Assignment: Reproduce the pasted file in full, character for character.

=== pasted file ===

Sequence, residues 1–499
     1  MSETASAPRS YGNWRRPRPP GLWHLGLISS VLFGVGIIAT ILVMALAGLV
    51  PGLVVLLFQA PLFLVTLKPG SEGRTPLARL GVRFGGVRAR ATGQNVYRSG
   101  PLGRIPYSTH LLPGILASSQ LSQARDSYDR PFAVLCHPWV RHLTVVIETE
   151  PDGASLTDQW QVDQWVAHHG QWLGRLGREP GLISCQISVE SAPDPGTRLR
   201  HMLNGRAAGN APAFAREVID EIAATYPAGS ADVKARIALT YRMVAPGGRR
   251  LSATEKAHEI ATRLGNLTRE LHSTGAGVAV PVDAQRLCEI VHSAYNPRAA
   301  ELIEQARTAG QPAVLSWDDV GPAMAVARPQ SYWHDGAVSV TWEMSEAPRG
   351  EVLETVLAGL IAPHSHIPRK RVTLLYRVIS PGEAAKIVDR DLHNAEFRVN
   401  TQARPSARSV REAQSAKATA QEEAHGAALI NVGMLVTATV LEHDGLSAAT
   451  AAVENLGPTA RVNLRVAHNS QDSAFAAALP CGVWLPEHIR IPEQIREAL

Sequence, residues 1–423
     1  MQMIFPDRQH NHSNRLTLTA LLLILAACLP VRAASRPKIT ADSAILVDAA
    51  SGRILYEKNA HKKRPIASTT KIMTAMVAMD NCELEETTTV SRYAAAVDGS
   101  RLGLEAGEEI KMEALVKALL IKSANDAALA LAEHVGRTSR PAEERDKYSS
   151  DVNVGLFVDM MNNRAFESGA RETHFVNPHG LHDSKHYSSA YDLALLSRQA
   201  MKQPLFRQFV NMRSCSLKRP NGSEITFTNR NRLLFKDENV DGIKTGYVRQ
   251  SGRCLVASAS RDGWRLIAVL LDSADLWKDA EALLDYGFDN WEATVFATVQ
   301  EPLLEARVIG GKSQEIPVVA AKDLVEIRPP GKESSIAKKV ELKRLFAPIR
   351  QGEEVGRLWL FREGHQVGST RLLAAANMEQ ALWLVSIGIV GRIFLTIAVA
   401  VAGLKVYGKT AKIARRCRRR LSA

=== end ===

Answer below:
Sequence, residues 1–499
     1  MSETASAPRS YGNWRRPRPP GLWHLGLISS VLFGVGIIAT ILVMALAGLV
    51  PGLVVLLFQA PLFLVTLKPG SEGRTPLARL GVRFGGVRAR ATGQNVYRSG
   101  PLGRIPYSTH LLPGILASSQ LSQARDSYDR PFAVLCHPWV RHLTVVIETE
   151  PDGASLTDQW QVDQWVAHHG QWLGRLGREP GLISCQISVE SAPDPGTRLR
   201  HMLNGRAAGN APAFAREVID EIAATYPAGS ADVKARIALT YRMVAPGGRR
   251  LSATEKAHEI ATRLGNLTRE LHSTGAGVAV PVDAQRLCEI VHSAYNPRAA
   301  ELIEQARTAG QPAVLSWDDV GPAMAVARPQ SYWHDGAVSV TWEMSEAPRG
   351  EVLETVLAGL IAPHSHIPRK RVTLLYRVIS PGEAAKIVDR DLHNAEFRVN
   401  TQARPSARSV REAQSAKATA QEEAHGAALI NVGMLVTATV LEHDGLSAAT
   451  AAVENLGPTA RVNLRVAHNS QDSAFAAALP CGVWLPEHIR IPEQIREAL

Sequence, residues 1–423
     1  MQMIFPDRQH NHSNRLTLTA LLLILAACLP VRAASRPKIT ADSAILVDAA
    51  SGRILYEKNA HKKRPIASTT KIMTAMVAMD NCELEETTTV SRYAAAVDGS
   101  RLGLEAGEEI KMEALVKALL IKSANDAALA LAEHVGRTSR PAEERDKYSS
   151  DVNVGLFVDM MNNRAFESGA RETHFVNPHG LHDSKHYSSA YDLALLSRQA
   201  MKQPLFRQFV NMRSCSLKRP NGSEITFTNR NRLLFKDENV DGIKTGYVRQ
   251  SGRCLVASAS RDGWRLIAVL LDSADLWKDA EALLDYGFDN WEATVFATVQ
   301  EPLLEARVIG GKSQEIPVVA AKDLVEIRPP GKESSIAKKV ELKRLFAPIR
   351  QGEEVGRLWL FREGHQVGST RLLAAANMEQ ALWLVSIGIV GRIFLTIAVA
   401  VAGLKVYGKT AKIARRCRRR LSA